Shigekuni sums up a lot of what I felt for The Interrogative Mood: A Novel?, Padgett Powell book composed of nothing but questions. As he says, it isn’t a book that tries to fit a clearly atypical form on a typically novelistic story. No, quite to the contrary, Powell happily embraces the form he’s devised for himself and jettisons everything you thought a novel should be:
The Interrogative Mood is an interesting kind of novel (and why not run with it and call it that). On the surface, there is no plot, there are no characters, there are just questions. 164 pages of unceasing, unflagging questions, one after another. When I heard that the book consisted solely of questions, a few ideas came into my head about how a plot might be constructed through questions, but I didn’t expect this. The endless stream of questions appears to be a barrage of non-sequitur inquiries, some humorous, some not, some political, some not, many very silly, many not. The second question of the book is “Are your nerves adjustable?”, third question “How do you stand in relation to the potatoe?”, fourth question “Should it still be Constantinople?”, sixth question “In your view, do children smell good?”. And so on. The wealth of questions is quite overwhelming, but in a good way. When Powell set out to write a book composed solely of questions, this is exactly what he did, unlike other writers, he didn’t cloak a cheaply traditional, sentimental book with experimental cloth. He really wrote an experimental book that is truly unlike any book I’ve read so far. What makes it so unique is the fact that these questions appear to form an incoherent stream of impromptu ideas, a rambling book with, at best, novelty factor, but that in Powell’s hands, they acquire a subtle coherence, a voice, direction and meaning. The book is both coherent and rambling at once, depending upon the degree of care which one applies to the text. It’s a text glittering with subtleties.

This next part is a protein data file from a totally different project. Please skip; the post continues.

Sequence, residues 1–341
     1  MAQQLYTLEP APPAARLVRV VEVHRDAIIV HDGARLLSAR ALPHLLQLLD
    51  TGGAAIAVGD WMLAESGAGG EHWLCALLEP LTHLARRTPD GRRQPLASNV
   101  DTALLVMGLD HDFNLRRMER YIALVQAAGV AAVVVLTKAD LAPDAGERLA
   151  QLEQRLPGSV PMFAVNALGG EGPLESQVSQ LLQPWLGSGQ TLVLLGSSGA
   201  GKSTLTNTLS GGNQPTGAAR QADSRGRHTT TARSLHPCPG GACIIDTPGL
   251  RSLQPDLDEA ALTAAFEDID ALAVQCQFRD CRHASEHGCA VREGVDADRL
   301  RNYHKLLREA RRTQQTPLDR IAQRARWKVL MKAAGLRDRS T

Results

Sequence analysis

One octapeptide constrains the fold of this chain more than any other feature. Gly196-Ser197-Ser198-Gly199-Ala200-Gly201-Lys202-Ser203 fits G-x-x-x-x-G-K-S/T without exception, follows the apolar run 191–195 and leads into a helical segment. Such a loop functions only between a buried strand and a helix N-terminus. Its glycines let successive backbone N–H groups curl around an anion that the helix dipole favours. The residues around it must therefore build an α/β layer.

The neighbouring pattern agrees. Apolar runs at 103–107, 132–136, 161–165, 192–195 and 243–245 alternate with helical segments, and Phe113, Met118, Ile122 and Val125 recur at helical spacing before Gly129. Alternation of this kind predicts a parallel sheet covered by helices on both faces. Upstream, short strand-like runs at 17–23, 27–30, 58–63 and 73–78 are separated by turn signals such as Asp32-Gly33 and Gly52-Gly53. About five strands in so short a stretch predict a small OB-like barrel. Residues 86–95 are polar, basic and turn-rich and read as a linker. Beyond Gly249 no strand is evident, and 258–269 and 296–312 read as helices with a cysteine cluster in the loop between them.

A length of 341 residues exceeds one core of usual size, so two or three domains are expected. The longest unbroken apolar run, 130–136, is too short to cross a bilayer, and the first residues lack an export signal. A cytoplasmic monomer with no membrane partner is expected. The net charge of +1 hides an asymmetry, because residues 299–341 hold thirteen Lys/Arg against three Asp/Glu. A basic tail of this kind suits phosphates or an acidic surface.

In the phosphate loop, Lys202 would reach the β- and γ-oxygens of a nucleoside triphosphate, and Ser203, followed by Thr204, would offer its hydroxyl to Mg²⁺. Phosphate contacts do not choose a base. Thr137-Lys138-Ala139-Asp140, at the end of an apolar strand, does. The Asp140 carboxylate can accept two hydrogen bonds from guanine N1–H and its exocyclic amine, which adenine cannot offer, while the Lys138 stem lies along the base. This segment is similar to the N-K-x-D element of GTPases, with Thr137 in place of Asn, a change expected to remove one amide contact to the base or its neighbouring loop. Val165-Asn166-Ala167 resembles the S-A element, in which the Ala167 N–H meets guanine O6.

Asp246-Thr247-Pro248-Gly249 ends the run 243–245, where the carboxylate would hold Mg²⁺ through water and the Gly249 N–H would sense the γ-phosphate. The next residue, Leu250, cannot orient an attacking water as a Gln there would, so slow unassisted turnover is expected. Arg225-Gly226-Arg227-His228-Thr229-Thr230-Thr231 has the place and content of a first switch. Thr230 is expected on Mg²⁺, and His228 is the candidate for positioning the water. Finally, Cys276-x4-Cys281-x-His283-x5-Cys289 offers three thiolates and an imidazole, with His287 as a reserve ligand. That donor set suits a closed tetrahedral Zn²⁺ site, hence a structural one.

In my read, the book often felt a lot closer to a piece of instrumental music or Abstract Expressionist painting than any novel I’ve read recently. But, oddly enough, it was such a fun, compelling read that I could see myself recommending it to someone who doesn’t really bother with fiction beyond good old realism.